Supporters group demand £20 cap on Premier League away tickets
Debate sparked following Manchester City fans' refusal to pay Arsenal prices
Friday 18 January 2013
The country’s largest supporters group has launched a campaign demanding a £20 limit on the price of away tickets amid growing frustration with the prices charged visiting fans in the Premier League.
The Football Supporters Federation will hold the first of a series of open meetings for fans across the country in Manchester on Thursday as it seeks to gather support for its attempt to cap the burgeoning cost of attending away games.
The FSF are determined to keep the issue alive following rumblings of discontent last week over the £62 prices Manchester City fans were charged for their side’s Premier League match at Arsenal. Some 900 tickets were returned by City.
The issue will be discussed at the Premier League’s next shareholders meeting next month, with free coach travel and a pricing link to the cheapest home tickets suggested by Stoke City. High ticket prices for some visiting supporters combined with travel and other costs are putting supporters off following their team away from home according to the FSF’s last annual survey – 40 per cent said they were attending fewer away matches across the leagues in England – although attendance levels at Premier League grounds remain consistently above 90 per cent capacity.
The FSF, an umbrella organisation for supporters groups in England and Wales that has 200,000 members, wants to make this a “watershed moment.” The federation believes a £20 limit needs to agreed. The meetings, including one in London on 31 January, will help sustain the campaign and also explore other options to press the issue.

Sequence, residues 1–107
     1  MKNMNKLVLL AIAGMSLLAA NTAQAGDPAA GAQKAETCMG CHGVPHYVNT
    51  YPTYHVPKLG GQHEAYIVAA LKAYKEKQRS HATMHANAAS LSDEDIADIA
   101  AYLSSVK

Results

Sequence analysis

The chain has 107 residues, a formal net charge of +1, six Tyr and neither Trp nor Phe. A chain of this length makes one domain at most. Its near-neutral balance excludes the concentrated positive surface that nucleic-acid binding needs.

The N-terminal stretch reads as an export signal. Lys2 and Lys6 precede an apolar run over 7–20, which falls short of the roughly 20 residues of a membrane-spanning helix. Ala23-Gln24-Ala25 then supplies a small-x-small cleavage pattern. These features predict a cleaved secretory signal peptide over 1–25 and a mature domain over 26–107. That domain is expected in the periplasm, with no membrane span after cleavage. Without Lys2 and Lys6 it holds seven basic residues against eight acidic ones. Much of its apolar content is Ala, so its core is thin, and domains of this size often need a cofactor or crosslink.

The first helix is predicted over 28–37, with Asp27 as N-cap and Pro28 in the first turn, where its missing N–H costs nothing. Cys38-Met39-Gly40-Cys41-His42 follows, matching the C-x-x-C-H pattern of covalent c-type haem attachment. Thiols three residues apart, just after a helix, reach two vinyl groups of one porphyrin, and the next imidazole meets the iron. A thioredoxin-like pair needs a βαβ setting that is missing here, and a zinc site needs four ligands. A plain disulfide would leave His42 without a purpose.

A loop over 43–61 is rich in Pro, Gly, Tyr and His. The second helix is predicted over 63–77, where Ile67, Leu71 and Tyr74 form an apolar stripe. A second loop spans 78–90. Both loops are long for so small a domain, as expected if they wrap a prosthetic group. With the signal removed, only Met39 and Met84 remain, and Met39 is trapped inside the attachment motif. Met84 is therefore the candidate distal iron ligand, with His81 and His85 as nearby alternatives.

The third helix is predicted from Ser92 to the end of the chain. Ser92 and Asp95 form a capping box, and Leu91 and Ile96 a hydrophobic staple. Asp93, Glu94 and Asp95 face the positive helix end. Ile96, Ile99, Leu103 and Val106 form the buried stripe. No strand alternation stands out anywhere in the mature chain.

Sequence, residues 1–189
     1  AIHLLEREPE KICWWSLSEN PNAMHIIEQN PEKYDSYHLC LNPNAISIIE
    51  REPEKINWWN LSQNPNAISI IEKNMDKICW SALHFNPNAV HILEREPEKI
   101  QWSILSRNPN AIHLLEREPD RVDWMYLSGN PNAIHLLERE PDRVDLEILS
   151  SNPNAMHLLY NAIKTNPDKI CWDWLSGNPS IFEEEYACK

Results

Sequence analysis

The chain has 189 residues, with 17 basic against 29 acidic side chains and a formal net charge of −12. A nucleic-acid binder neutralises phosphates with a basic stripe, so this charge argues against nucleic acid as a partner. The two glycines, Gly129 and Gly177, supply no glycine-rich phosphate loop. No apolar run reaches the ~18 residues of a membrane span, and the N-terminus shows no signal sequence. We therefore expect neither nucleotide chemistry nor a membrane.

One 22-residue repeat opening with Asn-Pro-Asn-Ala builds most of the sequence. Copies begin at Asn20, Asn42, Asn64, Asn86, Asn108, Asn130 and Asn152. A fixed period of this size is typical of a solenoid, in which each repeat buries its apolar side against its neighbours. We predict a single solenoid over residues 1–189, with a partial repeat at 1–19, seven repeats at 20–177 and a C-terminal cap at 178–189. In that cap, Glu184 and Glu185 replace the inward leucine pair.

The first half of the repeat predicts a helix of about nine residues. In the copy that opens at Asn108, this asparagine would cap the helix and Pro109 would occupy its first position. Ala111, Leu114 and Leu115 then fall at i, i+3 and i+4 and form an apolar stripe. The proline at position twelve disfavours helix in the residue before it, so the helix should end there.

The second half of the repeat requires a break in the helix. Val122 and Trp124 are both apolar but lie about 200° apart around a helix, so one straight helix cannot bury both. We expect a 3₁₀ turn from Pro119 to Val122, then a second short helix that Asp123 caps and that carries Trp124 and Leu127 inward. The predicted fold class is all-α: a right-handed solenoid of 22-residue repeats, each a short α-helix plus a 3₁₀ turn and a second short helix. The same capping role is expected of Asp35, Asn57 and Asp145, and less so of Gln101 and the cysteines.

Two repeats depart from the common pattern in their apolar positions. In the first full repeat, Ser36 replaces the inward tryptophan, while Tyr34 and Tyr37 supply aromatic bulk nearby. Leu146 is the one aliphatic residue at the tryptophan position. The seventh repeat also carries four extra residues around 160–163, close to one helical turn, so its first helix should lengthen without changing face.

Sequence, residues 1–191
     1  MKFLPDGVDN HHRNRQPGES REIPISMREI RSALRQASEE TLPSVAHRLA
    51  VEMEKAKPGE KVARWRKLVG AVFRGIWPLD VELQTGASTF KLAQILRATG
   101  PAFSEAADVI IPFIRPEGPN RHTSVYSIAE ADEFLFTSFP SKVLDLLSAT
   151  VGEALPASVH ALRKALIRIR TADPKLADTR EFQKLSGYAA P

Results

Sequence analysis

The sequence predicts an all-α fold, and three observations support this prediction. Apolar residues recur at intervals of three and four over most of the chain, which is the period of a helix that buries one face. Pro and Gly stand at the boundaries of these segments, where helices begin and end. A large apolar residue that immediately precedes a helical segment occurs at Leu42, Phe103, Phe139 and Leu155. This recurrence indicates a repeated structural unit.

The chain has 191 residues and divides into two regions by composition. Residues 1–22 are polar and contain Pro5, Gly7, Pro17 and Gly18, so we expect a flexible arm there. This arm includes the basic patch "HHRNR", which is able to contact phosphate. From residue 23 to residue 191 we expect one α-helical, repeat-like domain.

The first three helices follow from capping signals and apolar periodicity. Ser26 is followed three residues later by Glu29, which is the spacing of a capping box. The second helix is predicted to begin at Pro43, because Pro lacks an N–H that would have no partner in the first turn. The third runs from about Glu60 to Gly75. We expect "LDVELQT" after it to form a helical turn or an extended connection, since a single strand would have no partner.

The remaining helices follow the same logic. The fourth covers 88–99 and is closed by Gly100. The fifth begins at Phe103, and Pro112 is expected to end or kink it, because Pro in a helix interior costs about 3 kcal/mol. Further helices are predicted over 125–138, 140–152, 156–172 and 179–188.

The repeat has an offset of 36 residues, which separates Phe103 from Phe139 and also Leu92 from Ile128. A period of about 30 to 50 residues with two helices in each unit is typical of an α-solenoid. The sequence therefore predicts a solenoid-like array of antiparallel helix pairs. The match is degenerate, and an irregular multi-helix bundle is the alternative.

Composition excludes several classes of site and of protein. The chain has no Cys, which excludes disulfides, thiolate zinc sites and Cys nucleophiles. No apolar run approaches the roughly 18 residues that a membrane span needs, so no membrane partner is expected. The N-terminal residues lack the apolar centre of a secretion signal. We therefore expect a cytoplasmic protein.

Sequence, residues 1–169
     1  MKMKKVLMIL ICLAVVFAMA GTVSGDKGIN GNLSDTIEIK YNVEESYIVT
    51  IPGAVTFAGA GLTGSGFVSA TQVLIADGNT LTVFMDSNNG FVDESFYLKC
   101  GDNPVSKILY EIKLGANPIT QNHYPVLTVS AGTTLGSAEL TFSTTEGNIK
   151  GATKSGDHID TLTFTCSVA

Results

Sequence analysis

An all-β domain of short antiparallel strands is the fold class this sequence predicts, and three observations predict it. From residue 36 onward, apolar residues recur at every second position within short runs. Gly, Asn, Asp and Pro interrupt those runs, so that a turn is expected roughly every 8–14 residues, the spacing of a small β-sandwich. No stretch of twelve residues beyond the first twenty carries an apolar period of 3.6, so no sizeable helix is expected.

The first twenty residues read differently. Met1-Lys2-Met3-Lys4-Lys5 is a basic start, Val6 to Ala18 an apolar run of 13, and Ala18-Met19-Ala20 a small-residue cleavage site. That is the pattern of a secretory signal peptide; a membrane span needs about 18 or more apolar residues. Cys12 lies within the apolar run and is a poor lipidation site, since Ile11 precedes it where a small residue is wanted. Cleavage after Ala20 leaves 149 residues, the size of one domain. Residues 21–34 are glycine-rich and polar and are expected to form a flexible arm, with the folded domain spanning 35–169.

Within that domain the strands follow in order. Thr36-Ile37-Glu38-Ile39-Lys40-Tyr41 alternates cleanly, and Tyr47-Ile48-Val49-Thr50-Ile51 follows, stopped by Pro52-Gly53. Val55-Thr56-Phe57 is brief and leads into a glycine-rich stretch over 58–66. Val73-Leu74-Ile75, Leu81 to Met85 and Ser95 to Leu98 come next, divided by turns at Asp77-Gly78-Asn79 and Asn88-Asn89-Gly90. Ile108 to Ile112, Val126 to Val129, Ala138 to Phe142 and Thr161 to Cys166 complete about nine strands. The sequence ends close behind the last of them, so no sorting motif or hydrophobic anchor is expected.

“Those who follow their team away are the distilled essence of the football fan – the hardcore,” said Martin O’Hara of the FSF. “Without away fans the atmosphere at games dies and football loses a large part of what makes it so special. Travelling supporters spend the most time and money on their team and that deserves recognition and reward. In the short term clubs might make a few extra quid by squeezing away fans dry but long-term vision is required.
“Away attendances are in decline and something must be done by the clubs before that becomes terminal. Who wants to go to games without away fans, games without passion? We believe that an away ticket price cap of £20 would make football more affordable and halt the decline in away fan attendances. The campaign aims to make this a reality.”
Ticket pricing is a matter for individual clubs and any Premier League-wide agreement would need the backing of 14 of the clubs. The cheapest average price for an away ticket in the Premier League is currently Wigan’s £24. Arsenal’s is around £40 with Chelsea the most expensive at £50.
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